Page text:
Pathways to Careers

Pathways to Careers: Choosing the Path Less Traveled 

Forty years ago, only a very narrow path to employment lay open for Americans with significant intellectual and developmental disabilities (“I/DD”) and autism, often leading to congregate or sheltered employment. Americans not choosing this path remained unemployed; many elected to receive federal disability benefits. Over the last forty years, expectations and attitudes regarding the employment of Americans with I/DD and autism have changed dramatically. The goal of the Pathways to Careers Initiative is to create a new path to employment, one that leads to an informed choice of competitive, integrated, full-wage employment options for all individuals with I/DD and autism. One such new path is being cleared in Davis County, Utah; others are under development in Massachusetts, Michigan and Virginia. Work has also begun on the expansion of these new employment pathways to include Americans with serious mental illness (psychiatric disabilities). 

The Pathways to Careers Initiative relies upon state-of-the-art employment strategies to ensure both that these employment opportunities are available across a broad range of community settings and that ongoing assistance is provided to support employment retention and meaningful career development. Private, nonprofit and public employers are provided an incentive to hire and retain individuals with significant disabilities and, wherever possible, existing barriers and disincentives to full participation for individuals receiving federal disability benefits are removed or minimized. The operational philosophy of Pathways is characterized by principles of individualization and flexibility, informed choice and transparency, and long-term accountability.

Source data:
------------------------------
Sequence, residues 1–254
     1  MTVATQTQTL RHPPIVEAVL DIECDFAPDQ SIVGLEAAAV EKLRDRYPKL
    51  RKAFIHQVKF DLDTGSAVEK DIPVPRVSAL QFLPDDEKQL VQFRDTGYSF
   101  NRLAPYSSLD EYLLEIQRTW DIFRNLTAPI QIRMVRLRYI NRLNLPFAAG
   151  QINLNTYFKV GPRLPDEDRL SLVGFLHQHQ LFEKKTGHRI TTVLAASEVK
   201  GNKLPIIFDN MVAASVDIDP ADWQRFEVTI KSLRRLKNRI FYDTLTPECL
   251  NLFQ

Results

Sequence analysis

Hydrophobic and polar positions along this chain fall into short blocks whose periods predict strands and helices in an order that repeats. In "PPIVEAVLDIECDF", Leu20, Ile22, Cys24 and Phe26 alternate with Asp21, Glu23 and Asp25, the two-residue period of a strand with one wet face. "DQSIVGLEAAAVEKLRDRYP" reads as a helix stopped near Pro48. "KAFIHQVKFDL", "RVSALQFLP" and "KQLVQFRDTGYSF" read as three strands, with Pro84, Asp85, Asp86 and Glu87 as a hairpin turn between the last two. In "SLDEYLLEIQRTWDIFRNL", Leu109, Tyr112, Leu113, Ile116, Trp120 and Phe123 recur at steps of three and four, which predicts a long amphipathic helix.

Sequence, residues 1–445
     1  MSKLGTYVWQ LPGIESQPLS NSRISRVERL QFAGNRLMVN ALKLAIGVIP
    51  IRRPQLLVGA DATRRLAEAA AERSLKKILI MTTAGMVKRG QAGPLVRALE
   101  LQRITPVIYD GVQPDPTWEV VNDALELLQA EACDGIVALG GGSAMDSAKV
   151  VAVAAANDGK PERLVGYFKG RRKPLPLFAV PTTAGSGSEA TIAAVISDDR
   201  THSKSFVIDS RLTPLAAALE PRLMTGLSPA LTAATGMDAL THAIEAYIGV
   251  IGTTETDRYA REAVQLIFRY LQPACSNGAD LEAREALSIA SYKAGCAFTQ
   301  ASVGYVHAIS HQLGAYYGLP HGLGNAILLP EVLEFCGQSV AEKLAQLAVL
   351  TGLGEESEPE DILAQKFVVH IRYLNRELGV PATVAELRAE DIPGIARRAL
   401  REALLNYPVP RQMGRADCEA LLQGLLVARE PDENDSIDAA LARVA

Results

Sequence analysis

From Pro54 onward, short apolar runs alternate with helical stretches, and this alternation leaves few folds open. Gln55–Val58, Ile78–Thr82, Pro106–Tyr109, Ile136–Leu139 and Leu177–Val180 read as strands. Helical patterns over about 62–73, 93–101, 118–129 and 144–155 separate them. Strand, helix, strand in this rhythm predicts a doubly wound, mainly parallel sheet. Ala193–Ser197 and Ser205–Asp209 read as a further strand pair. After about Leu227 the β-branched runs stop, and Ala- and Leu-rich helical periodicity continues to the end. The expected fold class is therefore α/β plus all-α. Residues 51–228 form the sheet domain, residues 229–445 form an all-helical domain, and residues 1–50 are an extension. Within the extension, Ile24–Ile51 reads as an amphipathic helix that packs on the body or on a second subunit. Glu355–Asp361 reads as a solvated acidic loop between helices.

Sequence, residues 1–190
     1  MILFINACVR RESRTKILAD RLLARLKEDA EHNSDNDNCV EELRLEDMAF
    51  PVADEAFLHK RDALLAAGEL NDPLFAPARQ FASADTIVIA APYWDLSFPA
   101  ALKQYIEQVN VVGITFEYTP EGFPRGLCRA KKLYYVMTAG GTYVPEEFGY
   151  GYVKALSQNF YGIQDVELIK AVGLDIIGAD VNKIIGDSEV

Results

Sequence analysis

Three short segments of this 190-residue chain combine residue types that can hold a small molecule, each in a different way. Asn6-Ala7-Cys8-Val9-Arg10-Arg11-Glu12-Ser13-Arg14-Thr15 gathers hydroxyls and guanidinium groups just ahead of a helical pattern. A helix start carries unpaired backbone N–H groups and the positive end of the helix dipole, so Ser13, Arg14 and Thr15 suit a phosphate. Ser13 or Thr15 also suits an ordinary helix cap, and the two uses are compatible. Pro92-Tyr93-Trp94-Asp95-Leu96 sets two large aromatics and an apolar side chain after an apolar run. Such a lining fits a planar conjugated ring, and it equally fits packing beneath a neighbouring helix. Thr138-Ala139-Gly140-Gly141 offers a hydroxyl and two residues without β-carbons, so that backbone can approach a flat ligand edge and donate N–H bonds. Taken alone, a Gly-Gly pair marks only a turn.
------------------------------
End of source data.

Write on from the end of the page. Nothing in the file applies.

Pathways participants are randomly selected from among volunteers based on a “zero exclusion” philosophy that assumes that each participant can be presented an informed choice of employment options that includes integrated, competitive and full wage employment in the community. Pathways is an evolving experience in which the design is continually being refined to address the needs of the individuals with significant disabilities who are encountered and successfully served. It is, in the poet Robert Frost’s words, one where “way leads on to way.” I think we must follow Frost’s advice to take the path “less traveled by” because it will make “all the difference.” 

Martin Gerry 
September 2014

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